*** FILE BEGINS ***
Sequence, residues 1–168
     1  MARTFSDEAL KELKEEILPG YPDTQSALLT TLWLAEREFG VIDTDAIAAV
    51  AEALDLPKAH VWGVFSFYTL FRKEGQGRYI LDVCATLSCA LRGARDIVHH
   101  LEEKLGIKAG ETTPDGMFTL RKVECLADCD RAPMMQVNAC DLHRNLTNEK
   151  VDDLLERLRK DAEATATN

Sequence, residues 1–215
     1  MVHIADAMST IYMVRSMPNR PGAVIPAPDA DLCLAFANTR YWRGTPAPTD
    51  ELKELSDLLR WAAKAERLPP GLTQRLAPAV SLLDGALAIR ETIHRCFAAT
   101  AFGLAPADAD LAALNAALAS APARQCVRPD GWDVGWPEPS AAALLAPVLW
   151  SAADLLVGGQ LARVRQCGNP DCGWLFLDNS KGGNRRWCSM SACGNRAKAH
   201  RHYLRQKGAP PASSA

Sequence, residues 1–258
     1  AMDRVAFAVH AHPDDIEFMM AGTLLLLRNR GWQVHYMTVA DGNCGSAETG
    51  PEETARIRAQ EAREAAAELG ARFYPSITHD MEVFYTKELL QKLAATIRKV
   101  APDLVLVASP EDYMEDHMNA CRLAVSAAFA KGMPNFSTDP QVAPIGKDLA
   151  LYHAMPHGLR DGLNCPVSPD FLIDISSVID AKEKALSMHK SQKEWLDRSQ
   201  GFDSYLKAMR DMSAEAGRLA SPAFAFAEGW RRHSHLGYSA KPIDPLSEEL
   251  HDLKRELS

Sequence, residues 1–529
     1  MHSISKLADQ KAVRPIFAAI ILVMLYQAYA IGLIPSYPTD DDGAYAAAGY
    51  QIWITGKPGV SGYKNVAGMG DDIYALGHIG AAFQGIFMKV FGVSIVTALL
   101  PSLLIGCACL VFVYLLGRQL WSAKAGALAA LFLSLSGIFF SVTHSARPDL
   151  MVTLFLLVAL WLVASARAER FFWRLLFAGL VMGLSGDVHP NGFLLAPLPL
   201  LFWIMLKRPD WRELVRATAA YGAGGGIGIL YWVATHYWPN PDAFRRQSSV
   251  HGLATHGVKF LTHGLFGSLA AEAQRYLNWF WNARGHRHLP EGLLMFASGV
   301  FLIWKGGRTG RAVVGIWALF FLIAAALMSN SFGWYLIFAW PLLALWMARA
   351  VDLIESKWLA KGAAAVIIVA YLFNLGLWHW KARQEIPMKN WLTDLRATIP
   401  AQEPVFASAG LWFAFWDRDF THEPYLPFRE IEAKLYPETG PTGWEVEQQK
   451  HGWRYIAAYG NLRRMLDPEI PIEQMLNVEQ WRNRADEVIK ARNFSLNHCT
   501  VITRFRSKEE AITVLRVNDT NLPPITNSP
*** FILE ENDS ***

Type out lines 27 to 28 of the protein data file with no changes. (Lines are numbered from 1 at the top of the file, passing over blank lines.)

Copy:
   351  VDLIESKWLA KGAAAVIIVA YLFNLGLWHW KARQEIPMKN WLTDLRATIP
   401  AQEPVFASAG LWFAFWDRDF THEPYLPFRE IEAKLYPETG PTGWEVEQQK